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|Subject: Re: Optimizing Blends with Sharpe/(GSD^x)||Date: 11/18/2007 3:24 PM|
|Author: JeffLandon||Number: 204032 of 264132|
I simply point out that every time you explore a function that you haven't looked at before (say, CAGR/GSD^x), you have the opportunity to see what it might be good at measuring.
I still have not been convinced that shooting for high Sharpe is somehow safer than shooting for high CAGR, if we had a way to predict CAGR that rivaled how well we can predict GSD).
Note that's NOT the same as chasing screens with high CAGRs historically--we know that CAGR is a relatively poor predictor of CAGR. Some people seem to think I would like to chase screens with high historical CAGR when I'm saying that I would like to chase high future CAGR.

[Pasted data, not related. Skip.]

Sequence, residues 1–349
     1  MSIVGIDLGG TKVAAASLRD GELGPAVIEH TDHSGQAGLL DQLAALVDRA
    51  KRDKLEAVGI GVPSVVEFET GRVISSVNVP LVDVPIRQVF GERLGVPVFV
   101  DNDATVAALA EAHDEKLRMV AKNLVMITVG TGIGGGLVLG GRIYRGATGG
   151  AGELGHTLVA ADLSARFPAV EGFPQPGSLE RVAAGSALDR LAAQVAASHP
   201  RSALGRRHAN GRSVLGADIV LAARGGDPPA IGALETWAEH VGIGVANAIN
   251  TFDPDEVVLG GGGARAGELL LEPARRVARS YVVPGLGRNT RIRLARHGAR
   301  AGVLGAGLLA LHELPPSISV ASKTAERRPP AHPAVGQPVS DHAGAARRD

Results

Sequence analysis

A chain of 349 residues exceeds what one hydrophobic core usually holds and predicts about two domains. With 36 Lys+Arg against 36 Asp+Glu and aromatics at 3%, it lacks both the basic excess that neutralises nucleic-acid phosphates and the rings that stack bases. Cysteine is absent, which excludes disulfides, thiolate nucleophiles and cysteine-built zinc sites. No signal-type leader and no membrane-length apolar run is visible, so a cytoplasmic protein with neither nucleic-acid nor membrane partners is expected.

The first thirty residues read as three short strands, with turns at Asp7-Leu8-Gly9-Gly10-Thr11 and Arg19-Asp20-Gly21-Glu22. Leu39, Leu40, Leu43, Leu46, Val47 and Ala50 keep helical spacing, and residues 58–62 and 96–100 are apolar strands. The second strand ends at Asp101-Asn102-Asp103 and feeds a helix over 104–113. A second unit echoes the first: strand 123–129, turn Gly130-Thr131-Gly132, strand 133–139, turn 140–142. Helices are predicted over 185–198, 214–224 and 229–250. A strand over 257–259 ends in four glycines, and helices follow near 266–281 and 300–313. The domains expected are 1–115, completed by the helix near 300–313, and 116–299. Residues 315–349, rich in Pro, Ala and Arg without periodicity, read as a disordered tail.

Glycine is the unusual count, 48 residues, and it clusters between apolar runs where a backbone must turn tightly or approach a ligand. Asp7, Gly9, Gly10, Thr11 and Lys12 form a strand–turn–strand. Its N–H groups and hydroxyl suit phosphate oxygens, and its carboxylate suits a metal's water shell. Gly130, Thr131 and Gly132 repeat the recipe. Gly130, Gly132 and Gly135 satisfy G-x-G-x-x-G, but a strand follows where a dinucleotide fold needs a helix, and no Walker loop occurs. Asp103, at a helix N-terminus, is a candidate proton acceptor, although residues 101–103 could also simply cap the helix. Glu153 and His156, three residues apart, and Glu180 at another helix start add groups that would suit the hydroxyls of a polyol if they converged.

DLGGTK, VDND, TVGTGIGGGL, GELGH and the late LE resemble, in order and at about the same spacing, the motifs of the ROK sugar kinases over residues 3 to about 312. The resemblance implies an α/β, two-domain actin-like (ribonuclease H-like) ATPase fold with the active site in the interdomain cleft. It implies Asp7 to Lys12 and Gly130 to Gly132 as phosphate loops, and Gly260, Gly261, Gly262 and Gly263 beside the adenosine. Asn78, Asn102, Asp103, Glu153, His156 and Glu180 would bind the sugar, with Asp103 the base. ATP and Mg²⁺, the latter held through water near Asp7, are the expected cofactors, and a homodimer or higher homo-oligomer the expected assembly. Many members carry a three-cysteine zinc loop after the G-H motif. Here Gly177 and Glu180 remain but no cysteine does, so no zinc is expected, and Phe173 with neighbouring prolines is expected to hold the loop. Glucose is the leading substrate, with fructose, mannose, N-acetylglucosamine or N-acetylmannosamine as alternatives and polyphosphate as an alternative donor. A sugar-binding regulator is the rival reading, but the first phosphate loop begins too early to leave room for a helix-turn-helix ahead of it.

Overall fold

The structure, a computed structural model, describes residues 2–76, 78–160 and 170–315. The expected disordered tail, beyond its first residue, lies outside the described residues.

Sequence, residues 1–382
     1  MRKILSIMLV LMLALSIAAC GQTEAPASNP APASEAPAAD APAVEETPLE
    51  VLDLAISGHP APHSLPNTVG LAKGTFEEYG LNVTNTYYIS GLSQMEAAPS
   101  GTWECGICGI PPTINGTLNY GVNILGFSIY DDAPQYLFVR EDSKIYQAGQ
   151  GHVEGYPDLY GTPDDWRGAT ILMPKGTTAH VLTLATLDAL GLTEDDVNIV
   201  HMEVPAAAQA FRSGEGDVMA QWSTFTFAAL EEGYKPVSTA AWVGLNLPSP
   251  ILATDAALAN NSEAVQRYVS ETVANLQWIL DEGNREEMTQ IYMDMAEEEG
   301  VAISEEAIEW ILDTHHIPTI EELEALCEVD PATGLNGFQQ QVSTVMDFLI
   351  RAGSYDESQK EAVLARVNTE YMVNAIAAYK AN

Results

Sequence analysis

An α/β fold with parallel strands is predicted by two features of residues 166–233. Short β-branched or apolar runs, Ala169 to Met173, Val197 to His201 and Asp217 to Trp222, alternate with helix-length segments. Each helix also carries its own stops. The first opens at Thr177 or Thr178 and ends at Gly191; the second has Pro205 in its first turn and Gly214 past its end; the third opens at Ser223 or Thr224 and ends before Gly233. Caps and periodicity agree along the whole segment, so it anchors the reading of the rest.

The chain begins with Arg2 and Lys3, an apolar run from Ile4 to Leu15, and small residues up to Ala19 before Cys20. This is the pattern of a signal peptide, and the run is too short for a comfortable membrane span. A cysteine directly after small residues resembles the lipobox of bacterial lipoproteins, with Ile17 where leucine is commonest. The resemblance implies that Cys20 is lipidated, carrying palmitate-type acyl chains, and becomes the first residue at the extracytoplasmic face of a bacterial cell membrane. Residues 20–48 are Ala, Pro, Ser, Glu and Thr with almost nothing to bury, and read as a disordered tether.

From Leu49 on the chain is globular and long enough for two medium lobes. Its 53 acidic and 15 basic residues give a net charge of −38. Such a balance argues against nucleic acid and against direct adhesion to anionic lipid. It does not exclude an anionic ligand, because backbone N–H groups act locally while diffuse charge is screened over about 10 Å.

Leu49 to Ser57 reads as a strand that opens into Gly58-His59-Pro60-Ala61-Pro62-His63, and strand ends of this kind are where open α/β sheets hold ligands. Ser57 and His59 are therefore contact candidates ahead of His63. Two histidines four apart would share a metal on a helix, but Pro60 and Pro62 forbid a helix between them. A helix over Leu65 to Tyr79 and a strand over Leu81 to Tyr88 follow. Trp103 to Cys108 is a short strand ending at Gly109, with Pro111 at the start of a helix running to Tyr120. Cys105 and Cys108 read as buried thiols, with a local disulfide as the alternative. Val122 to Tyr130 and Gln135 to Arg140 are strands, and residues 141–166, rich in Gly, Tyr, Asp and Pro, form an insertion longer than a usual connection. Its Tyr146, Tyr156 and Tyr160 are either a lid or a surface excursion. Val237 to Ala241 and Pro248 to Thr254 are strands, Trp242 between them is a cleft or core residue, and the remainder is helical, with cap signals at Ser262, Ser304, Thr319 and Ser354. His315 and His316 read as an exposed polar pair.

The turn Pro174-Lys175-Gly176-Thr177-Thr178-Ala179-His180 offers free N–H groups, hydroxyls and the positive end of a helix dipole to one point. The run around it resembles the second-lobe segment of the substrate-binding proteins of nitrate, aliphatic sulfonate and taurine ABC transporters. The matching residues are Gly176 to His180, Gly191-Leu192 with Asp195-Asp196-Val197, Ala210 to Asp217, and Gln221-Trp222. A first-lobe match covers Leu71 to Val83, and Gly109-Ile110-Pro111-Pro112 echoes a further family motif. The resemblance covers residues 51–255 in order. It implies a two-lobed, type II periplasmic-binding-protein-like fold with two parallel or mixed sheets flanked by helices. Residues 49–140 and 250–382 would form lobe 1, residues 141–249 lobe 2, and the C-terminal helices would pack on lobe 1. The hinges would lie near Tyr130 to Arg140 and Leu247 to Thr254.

If I could predict CAGR as well as I could predict GSD, I'd go for the CAGR, not GSD or Sharpe. I realize we don't have such a tool now. That's why I'm saying, "When you pick up a new tool, don't always assume it's a hammer. try it out. See what it's good for."
My strategies are of many types. Many are low in GSD. I'm not talking about wise current practice given what we know, I'm talking about how we think about research.
A Question (for anyone, not just Moe)
There were screens that acted great for 30 years until they hit 2000. Is there a way to know that some market event WON'T pick on low GSD screens catastrophically? Might it be worth diversifying among screens with a wide range of GSDs?
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